By – Jeff Tollefson, President & CEO of the Minnesota Technology Association

The nature of our digital lives has changed, with information technologies being far more sophisticated and networked than ever before. At the Minnesota Technology Association (MnTech), our members see this every day. Their clients and customers have become accustomed to the benefits of an online and networked world that continues to deliver an explosion of immediate, seamless online services – banking, government, retail, healthcare, food service, etc.1 The information technology and telecommunications systems that run this critical infrastructure – from mainframe computers to network servers to edge computing – underpin and create the magic of these services, and this infrastructure is expected to be resilient, secure, and high performing.

The Minnesota legislature is considering legislation that, as drafted, would require original equipment manufacturers of digital equipment to provide software code, digital repair tools, documentation, and parts, to independent repair providers, even in situations where providing that software, digital repair tools, and documentation could be used to undermine the security of this IT and telecommunications infrastructure. Legislators are working to address this problem in the legislation, and we urge them to continue to do so.

The U.S. Cybersecurity & Infrastructure Security Agency (CISA) has reported that in 2021, there were ransomware attacks against 14 of the 16 U.S. critical infrastructure sectors, including the Defense Industrial Base, Emergency Services, Food and Agriculture, Government Facilities, and Information Technology Sectors.2 We see this problem right here in Minnesota, as evidenced by recent data hacks involving the Minneapolis Public Schools3 and Rochester Public Schools.4

To make our IT and telecommunications infrastructure more secure, President Biden issued an Executive Order5 in 2021 to improve our nation’s cybersecurity, focusing on modernizing cybersecurity defenses by protecting federal networks, improving information-sharing between the U.S. government and private sector on cyber issues, and strengthening the United States’ ability to respond to incidents when they occur. Our members are stepping up to do their part to comply with the Order and do even more to help protect American citizens and their data from cyber breaches. Governor Walz also recognized the importance of strengthening cybersecurity by issuing Executive Order (EO) 22-20 in 2022 – Directing State Agencies to Implement Cybersecurity Measures to Protect Critical Infrastructure in Minnesota.6 Critical infrastructure under EO 22-2 has the same definition as that used by CISA.7 In addition to improving cybersecurity within state agencies, EO 22-2 also directs those agencies with regulatory oversight over critical infrastructure providers to use “their existing authority to the extent necessary and permissible to enable providers to perform their own risk assessments and elevate necessary defenses to counter immediate cyber threats”.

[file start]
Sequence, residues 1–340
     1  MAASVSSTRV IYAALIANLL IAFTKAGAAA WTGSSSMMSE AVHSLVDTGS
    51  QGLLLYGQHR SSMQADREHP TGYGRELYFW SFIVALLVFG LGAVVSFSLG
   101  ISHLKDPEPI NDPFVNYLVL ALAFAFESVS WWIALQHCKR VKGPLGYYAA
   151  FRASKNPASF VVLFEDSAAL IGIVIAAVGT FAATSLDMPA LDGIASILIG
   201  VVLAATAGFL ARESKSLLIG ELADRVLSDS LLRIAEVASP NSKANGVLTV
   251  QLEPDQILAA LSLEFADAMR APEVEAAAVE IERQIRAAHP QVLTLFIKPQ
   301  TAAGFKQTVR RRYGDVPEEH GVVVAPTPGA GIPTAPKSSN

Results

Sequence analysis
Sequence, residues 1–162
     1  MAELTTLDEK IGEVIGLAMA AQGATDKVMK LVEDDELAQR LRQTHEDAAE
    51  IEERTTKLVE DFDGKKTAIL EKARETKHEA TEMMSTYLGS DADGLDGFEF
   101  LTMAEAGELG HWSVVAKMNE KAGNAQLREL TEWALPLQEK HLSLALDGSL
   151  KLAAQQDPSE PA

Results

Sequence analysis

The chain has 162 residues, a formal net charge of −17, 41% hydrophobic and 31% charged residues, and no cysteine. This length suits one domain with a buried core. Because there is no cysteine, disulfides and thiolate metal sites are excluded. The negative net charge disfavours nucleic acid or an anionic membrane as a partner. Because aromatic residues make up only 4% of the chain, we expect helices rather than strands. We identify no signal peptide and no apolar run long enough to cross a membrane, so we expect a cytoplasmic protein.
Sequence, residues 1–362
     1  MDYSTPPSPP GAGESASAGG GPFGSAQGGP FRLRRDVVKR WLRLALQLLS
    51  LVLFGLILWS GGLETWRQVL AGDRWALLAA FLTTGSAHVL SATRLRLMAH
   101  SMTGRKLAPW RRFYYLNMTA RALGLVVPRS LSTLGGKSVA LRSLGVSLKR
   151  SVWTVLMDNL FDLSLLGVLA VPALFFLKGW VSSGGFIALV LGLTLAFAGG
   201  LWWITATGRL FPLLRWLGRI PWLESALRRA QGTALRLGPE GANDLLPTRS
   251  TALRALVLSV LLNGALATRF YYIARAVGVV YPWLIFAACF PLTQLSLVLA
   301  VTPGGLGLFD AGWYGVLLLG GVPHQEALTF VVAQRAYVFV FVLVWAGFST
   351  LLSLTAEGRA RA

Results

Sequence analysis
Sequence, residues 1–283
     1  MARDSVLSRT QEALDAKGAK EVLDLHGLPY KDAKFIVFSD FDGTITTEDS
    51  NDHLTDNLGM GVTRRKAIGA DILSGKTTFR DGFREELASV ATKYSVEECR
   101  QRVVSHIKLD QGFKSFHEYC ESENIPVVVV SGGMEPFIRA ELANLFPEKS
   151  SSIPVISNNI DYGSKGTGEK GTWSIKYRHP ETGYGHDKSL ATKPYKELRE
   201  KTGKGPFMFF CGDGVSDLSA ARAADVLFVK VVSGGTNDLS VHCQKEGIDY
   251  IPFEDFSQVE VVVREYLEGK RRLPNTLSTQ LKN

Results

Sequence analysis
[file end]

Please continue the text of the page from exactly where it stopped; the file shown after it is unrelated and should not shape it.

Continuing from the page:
Our daily lives now depend on the dependability, security, and resilience of digital equipment, including enterprise IT and telecommunications systems, and the networks through which they connect. This infrastructure is critical to keeping Minnesota’s economy up and running, including the functioning of government. The risk is too high to mandate that original equipment manufacturers provide software code, digital repair tools, documentation, and parts to independent repair providers, many of whom have not made the appropriate investments in training and security. Once access to critical information has been shared, the risk of it falling into the hands of bad actors rises significantly, leaving Minnesotans unnecessarily vulnerable to security and economic disruptions.

We urge legislators to exclude from repair legislation the requirement to provide the software, tools, documentation, and parts where they could be used to undermine the security of the IT and telecommunications infrastructure on which we all so heavily depend.

Commentary submitted to Star Tribune on 4/28/23
Jeff Tollefson, President & CEO
Minnesota Technology Association

1. MnTech’s member companies range from producers of technology (e.g., 3M, Seagate, IBM, Medtronic, etc.) to those that rely on digital systems to drive their increasingly tech-enabled business models (e.g., Target, Cargill, U.S. Bank, CHS, Land O’Lakes, etc.), with issues related to information access and security a top concern for all.
7. Under Executive Order 22-20, “Critical Infrastructure” is defined as “the 16 critical infrastructure sectors identified by CISA because their assets, systems, and networks, whether physical or virtual, are considered so vital to the United States that their incapacitation or destruction would have a debilitating effect on security, national economic security, national public health or safety, or any combination thereof.”